8.11The outcomes in these cases demonstrate how partial defences and sentencing can reflect reduced culpability for homicide. In Erstich, the partial defence of provocation likely meant the defendant was convicted of manslaughter, rather than murder, and sentenced on that basis, while Ms Wihongi, who did not rely on a partial defence, was convicted of murder. Despite this difference, both offenders received sentences that took account of their personal circumstances. Tikiahi Erstich’s sentence reflected the violence he had suffered, his youth and rehabilitative prospects and his low risk of future offending.678 Ms Wihongi was sentenced as a murderer but also in recognition of her personal circumstances. In combination with her cognitive deficits, Ms Wihongi’s history of abuse justified displacement of the presumption of life imprisonment,679 although her level of risk together with the need to deter and denounce the taking of a life were found to require a 12-year finite term.680
8.12New Zealand law no longer includes the partial defence of provocation or any other relevant partial defence,681 and so if Tikiahi Erstich was tried today, he could not defend the murder charge on that basis. A key question in this part is whether there is a need for a partial defence for cases of this kind or whether reduced culpability can – and should – be recognised principally through sentencing, as it was in Ms Wihongi’s case.
672R v Erstich (2002) 19 CRNZ 419 (CA); and R v Wihongi HC Napier CRI-2009-041-2096, 30 August 2010 [Wihongi (HC)]; R v Wihongi [2011] NZCA 592, [2012] 1 NZLR 775 [Wihongi (CA)]; and R v Wihongi [2012] NZSC 12 [Wihongi (SC)].
673At paragraph [2.11].
674The partial defence of provocation was available until December 2009 when it was repealed by the Crimes (Provocation Repeal) Amendment Act 2009.
675Tikiahi Erstich was initially sentenced in the High Court to a sentence of two years’ supervision with special conditions: R v Erstich, above n 672.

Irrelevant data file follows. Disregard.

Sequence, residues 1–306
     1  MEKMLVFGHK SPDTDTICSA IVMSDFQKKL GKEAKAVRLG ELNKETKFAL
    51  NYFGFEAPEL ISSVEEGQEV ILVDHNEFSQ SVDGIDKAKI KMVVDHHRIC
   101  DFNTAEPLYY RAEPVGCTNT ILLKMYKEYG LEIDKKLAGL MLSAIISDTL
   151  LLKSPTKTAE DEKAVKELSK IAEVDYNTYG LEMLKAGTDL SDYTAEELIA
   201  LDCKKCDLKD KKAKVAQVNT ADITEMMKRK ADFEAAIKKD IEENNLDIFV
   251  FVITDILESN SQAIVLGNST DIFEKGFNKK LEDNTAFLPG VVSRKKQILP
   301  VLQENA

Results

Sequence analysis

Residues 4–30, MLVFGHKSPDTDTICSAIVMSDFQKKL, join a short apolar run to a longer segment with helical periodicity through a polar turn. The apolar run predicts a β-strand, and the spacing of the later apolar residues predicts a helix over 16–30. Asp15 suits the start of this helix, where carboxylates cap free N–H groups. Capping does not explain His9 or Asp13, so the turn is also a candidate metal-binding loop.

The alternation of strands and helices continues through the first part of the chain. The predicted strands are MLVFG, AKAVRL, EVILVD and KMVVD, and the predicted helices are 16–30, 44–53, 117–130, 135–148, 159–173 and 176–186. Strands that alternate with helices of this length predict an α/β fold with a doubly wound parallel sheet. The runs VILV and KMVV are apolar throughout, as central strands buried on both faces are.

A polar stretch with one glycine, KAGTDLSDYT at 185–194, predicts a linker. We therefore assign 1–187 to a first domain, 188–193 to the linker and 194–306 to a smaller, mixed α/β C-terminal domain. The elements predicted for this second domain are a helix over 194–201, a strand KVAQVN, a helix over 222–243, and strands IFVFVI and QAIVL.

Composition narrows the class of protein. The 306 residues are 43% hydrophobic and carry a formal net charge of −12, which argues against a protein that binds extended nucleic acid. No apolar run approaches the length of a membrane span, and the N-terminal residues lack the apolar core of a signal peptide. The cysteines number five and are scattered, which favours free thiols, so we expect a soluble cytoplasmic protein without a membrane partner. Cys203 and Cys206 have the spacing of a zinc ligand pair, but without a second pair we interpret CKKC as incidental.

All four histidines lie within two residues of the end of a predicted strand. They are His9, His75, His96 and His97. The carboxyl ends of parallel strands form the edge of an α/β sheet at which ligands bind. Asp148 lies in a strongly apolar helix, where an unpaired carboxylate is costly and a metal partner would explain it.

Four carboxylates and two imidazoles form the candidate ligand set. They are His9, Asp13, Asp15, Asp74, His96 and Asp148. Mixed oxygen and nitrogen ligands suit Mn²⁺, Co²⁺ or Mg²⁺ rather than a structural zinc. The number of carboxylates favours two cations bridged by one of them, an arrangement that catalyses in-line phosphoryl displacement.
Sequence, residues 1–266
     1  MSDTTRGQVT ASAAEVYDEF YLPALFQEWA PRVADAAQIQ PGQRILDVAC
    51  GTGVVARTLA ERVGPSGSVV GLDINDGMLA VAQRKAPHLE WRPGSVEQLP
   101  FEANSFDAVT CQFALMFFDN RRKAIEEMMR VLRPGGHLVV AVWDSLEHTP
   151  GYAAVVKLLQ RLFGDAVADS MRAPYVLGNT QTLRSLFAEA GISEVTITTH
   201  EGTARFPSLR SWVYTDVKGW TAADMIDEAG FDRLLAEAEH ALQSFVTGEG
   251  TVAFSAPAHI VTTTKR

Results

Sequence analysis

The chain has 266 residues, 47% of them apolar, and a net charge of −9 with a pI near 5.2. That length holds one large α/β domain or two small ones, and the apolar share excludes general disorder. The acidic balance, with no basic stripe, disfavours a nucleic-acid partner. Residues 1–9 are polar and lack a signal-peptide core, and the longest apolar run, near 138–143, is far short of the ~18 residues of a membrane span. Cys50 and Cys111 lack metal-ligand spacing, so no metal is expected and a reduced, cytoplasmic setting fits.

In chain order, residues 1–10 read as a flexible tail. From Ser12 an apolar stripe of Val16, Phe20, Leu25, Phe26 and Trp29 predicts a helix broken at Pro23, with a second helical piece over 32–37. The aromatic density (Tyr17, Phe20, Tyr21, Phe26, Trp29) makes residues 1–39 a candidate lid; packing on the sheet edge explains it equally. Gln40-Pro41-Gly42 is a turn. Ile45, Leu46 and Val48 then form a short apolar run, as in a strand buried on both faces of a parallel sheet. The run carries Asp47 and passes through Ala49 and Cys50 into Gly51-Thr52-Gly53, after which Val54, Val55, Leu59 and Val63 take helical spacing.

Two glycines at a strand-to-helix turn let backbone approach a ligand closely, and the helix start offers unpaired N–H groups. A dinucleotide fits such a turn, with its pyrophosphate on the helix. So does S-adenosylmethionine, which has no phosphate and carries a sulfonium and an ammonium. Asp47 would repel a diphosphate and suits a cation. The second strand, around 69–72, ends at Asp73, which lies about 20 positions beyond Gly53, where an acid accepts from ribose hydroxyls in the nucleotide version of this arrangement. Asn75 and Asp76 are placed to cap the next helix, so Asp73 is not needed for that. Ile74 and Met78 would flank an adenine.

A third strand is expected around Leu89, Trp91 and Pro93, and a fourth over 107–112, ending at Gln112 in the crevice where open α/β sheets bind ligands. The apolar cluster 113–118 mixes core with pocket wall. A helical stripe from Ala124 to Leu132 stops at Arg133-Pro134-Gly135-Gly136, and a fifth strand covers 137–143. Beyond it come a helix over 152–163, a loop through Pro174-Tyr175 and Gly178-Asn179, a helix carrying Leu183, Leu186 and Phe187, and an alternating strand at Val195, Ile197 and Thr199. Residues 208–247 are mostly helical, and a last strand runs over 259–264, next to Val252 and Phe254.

676At paragraph [3.31].
677For Ms Wihongi, this follows from the conviction for murder, while in Tikiahi Erstich’s case, the sentencing Judge acknowledged the jury’s verdict “may have reflected acceptance of lack of intent to murder” but observed it “was more likely on the facts of the case to have entailed the jury’s acceptance of the partial defence of provocation”: R v Erstich, above n 672, at [2].
678At [27].
679Wihongi (CA), above n 672, at [88].
680At [98].
681While infanticide and killing pursuant to a suicide pact (Crimes Act 1961, ss 178 and 180) are available as pathways to lesser convictions in certain narrow groups of cases that would otherwise meet the criteria for murder, there are no general partial defences in New Zealand. For the purposes of this Report, we largely disregard infanticide and killing pursuant to a suicide pact. As Warren Brookbanks has noted, they are closely circumscribed (infanticide) and rarely engaged (killing pursuant to a suicide pact): Warren Brookbanks “Partial Defences to Murder in New Zealand” in Alan Reed and Michael Bohlander (eds) Loss of Control and Diminished Responsibility: Domestic, Comparative and International Perspectives (Ashgate, Farnham, 2011) 271 at 271. They are also not relevant in cases where victims of family violence kill abusers. We refer to infanticide insofar as it may be some precedent for a separate homicide offence for victims of family violence but not otherwise.